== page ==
It’s hard to turn a blind eye when news drops of another data breach. And when it’s a breach that jeopardized company and stakeholders’ personal data, compromised during a file transfer process, those of us at Coviant Software can’t ignore it. Especially since it affected a number of well-known organizations, including the Kroger supermarket chain and Royal Dutch Shell (parent of Shell gas stations). We sat up, read the reports, and paid attention.
As an outsider looking in, it’s always difficult to know the details of any data breach. And, as a software company with our own managed file transfer services, we want to make sure not to appear to be throwing stones. Organizations affected by a breach often have legal considerations preventing them from discussing exactly what went wrong, and experts can only make speculative statements based on their experiences with other, similar incidents.
It is, however, important to stay informed. It’s also understood that any incident, originally affecting a specific product, ends up affecting all similar products by association. Such events hit close to home, and always prompt questions of re-evaluation from business partners, prospective customers, and consumers.
According to a report from TechRepublic, the file transfer appliance that was breached in the Kroger case was a twenty year-old piece of legacy hardware that had been rendered obsolete when the appliance’s operating system was discontinued by its maker in 2020 after having made the announcement a year earlier.
Hackers pay attention to the details of such developments. They know that when software is encroaching on its end-of-life, resources (that are normally dedicated to keeping the product safe) will be shifted to whatever new product is taking its place. This shift can make it less likely for vulnerabilities associated with the software to be discovered and patched, giving room for exploitation. In this case, criminal hackers were able to compromise the appliance using a common SQL injection attack, as stated in the report from TechRepublic.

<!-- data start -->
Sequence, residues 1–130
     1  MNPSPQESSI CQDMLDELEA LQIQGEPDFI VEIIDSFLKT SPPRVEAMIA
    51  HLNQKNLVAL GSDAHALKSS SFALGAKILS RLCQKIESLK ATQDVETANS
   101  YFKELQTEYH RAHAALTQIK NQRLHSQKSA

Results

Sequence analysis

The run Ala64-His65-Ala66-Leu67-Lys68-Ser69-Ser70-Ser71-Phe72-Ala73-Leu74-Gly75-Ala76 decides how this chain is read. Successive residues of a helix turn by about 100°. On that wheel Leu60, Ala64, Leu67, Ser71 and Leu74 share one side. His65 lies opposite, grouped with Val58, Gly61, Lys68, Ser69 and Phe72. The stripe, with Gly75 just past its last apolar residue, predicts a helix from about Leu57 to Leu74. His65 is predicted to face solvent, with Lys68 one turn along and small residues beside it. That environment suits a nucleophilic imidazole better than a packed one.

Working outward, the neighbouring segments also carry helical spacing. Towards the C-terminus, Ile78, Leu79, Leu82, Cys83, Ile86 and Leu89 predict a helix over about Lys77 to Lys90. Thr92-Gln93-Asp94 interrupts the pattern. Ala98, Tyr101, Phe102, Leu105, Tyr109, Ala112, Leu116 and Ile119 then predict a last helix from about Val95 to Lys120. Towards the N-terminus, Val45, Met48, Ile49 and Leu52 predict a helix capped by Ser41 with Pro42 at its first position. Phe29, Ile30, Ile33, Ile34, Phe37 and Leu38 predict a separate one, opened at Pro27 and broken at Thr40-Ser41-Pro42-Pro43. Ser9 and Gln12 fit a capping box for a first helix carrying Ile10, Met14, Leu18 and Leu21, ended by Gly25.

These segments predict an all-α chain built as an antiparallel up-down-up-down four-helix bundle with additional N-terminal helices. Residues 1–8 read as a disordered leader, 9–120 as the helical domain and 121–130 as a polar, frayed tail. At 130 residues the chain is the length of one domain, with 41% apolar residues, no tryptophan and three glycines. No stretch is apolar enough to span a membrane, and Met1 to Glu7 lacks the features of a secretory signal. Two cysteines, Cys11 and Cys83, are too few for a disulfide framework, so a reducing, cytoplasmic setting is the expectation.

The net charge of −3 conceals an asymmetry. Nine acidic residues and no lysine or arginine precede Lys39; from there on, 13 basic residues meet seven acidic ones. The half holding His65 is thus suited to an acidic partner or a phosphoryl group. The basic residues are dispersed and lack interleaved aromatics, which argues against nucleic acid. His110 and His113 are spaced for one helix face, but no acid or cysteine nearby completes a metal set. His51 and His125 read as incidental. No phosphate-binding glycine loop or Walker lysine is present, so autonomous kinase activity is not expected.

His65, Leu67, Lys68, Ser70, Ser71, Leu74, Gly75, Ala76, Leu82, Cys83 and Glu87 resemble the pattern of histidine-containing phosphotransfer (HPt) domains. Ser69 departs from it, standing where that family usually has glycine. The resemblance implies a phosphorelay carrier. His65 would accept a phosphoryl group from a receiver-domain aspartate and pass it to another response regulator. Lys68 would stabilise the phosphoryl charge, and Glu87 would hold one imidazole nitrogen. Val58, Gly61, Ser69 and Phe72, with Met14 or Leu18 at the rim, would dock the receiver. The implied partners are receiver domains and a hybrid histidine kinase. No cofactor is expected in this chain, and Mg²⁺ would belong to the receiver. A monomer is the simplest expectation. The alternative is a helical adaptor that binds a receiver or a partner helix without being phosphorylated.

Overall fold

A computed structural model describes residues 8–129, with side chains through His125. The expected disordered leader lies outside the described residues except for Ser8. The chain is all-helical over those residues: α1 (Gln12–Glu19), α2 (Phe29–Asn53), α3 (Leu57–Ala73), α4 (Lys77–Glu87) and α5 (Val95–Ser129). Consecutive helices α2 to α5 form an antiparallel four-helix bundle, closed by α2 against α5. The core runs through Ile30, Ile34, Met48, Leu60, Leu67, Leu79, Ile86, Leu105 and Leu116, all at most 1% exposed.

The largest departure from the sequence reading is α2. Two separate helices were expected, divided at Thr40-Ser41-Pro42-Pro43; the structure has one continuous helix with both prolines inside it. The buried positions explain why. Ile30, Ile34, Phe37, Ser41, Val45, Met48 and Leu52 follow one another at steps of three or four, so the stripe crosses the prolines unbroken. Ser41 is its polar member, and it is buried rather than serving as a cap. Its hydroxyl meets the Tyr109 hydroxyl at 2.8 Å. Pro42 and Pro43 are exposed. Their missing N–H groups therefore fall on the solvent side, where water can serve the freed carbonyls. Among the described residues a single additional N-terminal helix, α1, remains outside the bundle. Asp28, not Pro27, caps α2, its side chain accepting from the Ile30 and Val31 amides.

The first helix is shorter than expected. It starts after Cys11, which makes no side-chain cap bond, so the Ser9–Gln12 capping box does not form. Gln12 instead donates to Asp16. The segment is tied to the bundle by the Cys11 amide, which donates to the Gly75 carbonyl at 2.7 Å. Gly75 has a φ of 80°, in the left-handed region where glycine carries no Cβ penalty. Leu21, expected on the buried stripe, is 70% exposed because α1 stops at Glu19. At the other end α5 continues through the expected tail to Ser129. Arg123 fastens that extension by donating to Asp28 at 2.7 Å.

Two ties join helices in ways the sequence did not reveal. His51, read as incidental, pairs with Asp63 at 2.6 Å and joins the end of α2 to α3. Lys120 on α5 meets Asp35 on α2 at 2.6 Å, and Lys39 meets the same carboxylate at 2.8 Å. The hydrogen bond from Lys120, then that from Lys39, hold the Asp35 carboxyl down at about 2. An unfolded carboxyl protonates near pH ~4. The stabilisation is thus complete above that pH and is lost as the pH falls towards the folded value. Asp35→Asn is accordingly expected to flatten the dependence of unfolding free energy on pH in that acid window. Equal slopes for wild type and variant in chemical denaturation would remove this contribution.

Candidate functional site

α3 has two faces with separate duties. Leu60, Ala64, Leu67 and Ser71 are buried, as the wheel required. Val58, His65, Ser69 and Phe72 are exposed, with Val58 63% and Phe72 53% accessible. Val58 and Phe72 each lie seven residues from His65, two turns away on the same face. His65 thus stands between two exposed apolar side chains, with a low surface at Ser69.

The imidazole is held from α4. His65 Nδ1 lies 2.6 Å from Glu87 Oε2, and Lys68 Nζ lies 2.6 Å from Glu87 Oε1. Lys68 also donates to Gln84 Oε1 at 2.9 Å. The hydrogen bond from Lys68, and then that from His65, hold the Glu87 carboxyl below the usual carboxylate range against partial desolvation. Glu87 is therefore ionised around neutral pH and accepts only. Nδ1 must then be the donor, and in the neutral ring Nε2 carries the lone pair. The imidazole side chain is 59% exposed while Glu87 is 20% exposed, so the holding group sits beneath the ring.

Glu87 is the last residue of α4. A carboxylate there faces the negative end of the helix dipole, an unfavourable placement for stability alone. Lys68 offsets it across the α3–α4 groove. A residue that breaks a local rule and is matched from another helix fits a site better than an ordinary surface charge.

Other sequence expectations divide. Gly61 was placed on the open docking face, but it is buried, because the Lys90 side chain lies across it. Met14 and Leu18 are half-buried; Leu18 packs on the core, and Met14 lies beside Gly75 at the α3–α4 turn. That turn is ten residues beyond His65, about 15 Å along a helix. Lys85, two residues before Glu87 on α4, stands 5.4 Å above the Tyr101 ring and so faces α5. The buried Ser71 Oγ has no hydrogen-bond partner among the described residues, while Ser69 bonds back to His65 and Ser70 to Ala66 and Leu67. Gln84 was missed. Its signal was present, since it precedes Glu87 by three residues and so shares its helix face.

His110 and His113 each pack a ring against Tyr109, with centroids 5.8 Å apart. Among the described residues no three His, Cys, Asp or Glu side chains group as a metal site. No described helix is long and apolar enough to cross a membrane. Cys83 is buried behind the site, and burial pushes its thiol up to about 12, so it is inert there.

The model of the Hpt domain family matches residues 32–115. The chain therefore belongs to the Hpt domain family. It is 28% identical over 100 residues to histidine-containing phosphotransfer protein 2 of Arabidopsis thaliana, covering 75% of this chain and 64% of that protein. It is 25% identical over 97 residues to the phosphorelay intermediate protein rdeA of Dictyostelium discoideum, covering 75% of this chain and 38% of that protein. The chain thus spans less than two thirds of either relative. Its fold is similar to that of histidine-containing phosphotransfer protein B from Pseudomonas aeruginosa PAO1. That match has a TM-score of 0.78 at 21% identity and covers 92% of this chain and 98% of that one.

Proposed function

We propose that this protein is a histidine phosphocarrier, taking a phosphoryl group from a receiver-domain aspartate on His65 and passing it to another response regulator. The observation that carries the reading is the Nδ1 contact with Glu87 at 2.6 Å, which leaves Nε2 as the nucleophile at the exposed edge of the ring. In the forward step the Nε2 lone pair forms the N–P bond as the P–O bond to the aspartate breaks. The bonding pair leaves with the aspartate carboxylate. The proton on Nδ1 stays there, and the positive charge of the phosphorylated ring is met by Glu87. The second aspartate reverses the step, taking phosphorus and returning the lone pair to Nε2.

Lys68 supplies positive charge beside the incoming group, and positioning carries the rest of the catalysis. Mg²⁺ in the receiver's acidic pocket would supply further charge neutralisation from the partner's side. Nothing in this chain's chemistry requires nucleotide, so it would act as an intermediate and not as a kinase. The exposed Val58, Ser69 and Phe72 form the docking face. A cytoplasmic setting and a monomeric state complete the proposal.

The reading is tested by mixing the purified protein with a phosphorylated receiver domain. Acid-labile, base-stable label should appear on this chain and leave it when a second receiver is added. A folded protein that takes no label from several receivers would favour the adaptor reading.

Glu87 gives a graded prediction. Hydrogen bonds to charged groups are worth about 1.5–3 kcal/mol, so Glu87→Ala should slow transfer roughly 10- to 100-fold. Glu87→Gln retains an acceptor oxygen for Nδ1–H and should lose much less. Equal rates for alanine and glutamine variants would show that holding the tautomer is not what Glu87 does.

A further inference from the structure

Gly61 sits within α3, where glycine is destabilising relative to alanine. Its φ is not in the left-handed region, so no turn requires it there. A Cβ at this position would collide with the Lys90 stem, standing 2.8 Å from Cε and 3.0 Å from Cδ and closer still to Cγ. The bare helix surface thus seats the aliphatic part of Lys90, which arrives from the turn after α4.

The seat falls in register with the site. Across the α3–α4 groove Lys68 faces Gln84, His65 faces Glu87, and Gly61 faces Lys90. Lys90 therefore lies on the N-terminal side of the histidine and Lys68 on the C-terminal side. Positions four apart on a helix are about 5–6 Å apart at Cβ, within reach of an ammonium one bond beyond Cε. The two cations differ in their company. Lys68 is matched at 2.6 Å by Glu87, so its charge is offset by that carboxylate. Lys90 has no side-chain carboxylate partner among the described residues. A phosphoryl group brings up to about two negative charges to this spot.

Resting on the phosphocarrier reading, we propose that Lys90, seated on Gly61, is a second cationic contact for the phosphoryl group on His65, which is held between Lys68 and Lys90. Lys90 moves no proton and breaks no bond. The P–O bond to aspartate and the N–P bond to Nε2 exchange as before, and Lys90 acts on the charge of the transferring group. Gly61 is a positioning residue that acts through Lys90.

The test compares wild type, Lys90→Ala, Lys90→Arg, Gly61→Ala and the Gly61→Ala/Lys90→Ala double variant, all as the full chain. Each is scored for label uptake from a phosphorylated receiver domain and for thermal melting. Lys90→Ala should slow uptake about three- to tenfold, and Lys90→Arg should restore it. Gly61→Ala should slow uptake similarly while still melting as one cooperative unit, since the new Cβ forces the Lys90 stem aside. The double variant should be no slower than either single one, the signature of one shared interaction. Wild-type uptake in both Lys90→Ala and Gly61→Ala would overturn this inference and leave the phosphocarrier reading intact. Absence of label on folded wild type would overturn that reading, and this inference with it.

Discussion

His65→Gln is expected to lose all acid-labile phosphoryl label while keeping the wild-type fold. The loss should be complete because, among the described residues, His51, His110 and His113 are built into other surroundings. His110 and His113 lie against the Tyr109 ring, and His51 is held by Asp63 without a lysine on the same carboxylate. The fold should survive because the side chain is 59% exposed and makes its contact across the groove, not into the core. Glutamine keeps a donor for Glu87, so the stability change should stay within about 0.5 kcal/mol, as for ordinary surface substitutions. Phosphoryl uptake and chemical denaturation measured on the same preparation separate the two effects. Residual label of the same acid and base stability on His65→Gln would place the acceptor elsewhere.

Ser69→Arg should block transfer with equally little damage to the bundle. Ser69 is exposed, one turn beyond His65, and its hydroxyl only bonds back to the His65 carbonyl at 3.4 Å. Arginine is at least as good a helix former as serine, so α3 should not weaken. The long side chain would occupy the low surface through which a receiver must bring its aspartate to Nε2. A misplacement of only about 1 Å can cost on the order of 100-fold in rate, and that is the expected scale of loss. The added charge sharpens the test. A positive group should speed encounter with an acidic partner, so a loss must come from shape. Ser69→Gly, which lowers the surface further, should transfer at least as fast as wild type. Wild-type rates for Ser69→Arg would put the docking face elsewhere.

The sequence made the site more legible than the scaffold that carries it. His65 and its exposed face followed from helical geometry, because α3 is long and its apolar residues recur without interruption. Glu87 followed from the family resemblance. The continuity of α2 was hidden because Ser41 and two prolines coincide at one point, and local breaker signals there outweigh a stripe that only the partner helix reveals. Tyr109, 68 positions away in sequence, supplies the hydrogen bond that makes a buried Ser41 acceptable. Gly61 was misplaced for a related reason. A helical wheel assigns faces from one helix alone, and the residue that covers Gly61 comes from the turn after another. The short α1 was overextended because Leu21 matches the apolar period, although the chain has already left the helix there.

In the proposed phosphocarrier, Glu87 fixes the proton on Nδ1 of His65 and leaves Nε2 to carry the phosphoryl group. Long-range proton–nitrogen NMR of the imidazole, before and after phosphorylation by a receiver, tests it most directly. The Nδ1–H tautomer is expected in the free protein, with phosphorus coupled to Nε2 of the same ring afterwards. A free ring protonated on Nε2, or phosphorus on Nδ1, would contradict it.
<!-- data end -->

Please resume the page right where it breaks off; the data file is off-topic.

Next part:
One security expert told TechRepublic that, to guard against such attack, organizations should “do a closer analysis of any legacy/near-end-of-life products which may no longer be receiving the expected vulnerability testing efforts.” That’s good advice. This also relates to the fact that there has been a lot of consolidation in the managed file transfer market recently because the relationship an enterprise once relied on may fundamentally change due to new ownership. Under such circumstances it is not unusual to find that prices rise, account managers change, support loosens, and that the MFT service becomes a feature of a bigger platform—or even obsoleted in favor of another product in the acquiring company’s portfolio.
Informing a customer that a certain product will soon be obsolete and will, therefore, be replaced is the right thing to do, but that doesn’t mean it’ll happen. After all, telling a customer that they’ll no longer be able to use a product they’ve come to rely on is an awkward conversation to have. So, while it may be incumbent on vendors to make sure their customers are aware of any impending changes that could affect their security, it ultimately falls in your hands to stay vigilant and take primary responsibility for your own security.
No organization will ever be perfect; however, in the business of helping others keep their data safe (it doesn’t matter if it’s a multi-billion-dollar technology vendor or a smaller firm like Coviant) the root responsibility of treating your customer relationships as more than merely transactional still stands. There’s a delicate trust that needs to be maintained through the transparency about issues that could potentially affect data integrity. And that’s always been Coviant’s commitment to our customers.